Copyright is a very complex issue that affects libraries in a number of ways. I thank the author for taking a lot of the complexity out of the equation. Don't rely on this book as your only guide to copyright law, but do use it to provide a clear, concise overview of the issues that need to be addressed.
Pages: 262pp.; hardcover
Available from: AMACOM, American Management Association, 1601 Broadway, New York, NY 10019; 212/903-8316; www.amacombooks.org
If you want a good overview of intellectual property and its impact on your business or organization, this clearly written book is the one to grab. It is obviously written for managers, and gives nice descriptions and examples of the different types of intellectual property and why a business should care about such things. The author, an attorney who teaches at Georgetown University, also goes to great lengths to explain how to get protection for each type of IP, and how to identify what you have.
The book starts with a chapter on recognizing your intellectual property and then heads right into trademarks. Each topic listed in the title is covered with multiple chapters, explaining the basics, and then how to register and protect your IP. The discussion of trademarks includes Internet domain names and the issues inherent with global system regulating by state and federal laws.
Copyright is covered with a slant that publishers will like. It is much more business-oriented and protectionist in attitude than Hoffman's book, and of course goes into different aspects than just those that affect libraries. Patents are given a little less coverage, perhaps due to the complicated nature of the topic, and the reader is advised to have a lawyer's help with patent applications and infringement suits.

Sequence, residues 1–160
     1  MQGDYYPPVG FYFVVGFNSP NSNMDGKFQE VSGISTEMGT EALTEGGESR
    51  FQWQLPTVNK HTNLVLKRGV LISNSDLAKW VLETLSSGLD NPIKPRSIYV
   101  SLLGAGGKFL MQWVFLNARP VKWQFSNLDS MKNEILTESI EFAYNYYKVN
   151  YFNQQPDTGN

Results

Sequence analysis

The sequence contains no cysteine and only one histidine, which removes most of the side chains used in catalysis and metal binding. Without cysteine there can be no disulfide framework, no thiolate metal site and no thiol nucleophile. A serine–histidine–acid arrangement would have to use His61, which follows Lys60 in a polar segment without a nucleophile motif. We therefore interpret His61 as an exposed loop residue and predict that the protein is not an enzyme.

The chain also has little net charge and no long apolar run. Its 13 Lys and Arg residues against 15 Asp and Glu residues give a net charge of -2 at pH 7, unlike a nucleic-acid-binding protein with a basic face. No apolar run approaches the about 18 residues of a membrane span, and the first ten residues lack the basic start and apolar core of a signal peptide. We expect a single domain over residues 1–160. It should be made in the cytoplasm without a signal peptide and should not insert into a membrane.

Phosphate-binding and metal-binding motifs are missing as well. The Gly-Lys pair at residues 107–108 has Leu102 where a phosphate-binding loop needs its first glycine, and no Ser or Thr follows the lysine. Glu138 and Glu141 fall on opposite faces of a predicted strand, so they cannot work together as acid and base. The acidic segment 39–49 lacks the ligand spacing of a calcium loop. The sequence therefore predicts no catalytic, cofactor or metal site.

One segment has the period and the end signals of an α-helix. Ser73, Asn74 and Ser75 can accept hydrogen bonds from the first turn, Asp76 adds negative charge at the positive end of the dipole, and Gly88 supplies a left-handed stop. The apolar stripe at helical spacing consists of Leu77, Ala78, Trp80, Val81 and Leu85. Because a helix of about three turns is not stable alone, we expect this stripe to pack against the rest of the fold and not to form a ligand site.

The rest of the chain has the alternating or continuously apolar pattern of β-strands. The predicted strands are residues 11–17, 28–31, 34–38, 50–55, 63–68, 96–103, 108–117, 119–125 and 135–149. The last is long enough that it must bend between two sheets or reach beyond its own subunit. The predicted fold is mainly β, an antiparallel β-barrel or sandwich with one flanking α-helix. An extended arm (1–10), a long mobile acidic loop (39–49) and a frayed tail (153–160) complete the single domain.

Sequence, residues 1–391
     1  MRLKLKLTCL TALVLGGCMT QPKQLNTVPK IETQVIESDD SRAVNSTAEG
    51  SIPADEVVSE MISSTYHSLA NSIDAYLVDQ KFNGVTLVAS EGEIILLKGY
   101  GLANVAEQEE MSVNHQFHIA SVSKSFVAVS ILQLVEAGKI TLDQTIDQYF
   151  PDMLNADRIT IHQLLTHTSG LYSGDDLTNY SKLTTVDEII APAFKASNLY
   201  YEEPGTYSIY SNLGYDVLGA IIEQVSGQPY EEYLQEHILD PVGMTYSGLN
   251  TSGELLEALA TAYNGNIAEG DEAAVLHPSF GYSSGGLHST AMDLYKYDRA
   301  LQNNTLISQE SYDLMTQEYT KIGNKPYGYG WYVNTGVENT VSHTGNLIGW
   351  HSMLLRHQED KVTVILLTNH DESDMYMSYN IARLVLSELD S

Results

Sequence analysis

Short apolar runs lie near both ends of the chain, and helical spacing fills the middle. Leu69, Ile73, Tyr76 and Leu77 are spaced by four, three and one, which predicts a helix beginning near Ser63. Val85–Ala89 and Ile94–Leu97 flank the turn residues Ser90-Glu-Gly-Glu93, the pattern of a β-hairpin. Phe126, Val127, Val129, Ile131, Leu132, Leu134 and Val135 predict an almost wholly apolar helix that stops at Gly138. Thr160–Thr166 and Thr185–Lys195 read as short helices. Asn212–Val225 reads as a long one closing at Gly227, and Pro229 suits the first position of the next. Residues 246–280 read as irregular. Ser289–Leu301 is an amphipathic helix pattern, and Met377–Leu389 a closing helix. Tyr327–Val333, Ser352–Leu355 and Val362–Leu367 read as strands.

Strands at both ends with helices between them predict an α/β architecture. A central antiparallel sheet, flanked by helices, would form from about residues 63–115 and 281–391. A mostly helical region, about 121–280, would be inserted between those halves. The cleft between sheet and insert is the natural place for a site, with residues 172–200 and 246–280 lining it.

This practical book covers all the topics managers need to identify, utilize, and protect the intellectual property within their organizations. It doesn't (and couldn't) cover all the topics in complete detail, but does provide the basics. After all, in many organizations just getting the management thinking about IP is a huge step forward. This book is a good place to start.
Pages: 103pp.; softcover
Available from: Auslib Press, P.O. Box 622, Blackwood, South Australia 5051, Australia; + 61 (0)8 8278-4363; www.auslib.com.au
As librarians, we appreciate the value of good indexing, and have often wished for the same principles that apply to nicely indexed books to be applied to the Webso we can find things. Well, if you are ready to put your money where your mouth is, this book will help you to create a "back-of-book-style" index for your own Web site.
The first part of the book discusses the different ways you can organize the content on your site and then the aids for navigating the site, including categorization, classification, searching, and browsing. The pluses and minuses of each type of navigation system are briefly discussed, and examples from Australian Web sites are provided.
Part Two discusses indexing principles and gives examples of the many decisions and rules neededdo you capitalize index entries, how do you enter author names, do you invert index entries, etc. The authors emphasize a need for standards and planning. The third section of the book focuses on software to help with indexing, and highlights the HTML-Indexer software in particular. The authors suggest downloading the demo software and then provide two exercises for indexing material for the Web.
If you are at all interested in creating a back-of-the-book-style index for your Web site, then you should read this book. It provides tips and tricks and enough basics to get you started on your project.
Deborah Lynne Wiley (email@example.com) is Principal of Next Wave Consulting, Inc. and HARDCOPY Editor.
Comments? Email letters to the Editor to firstname.lastname@example.org.
Copyright © 2001, Information Today, Inc. All rights reserved.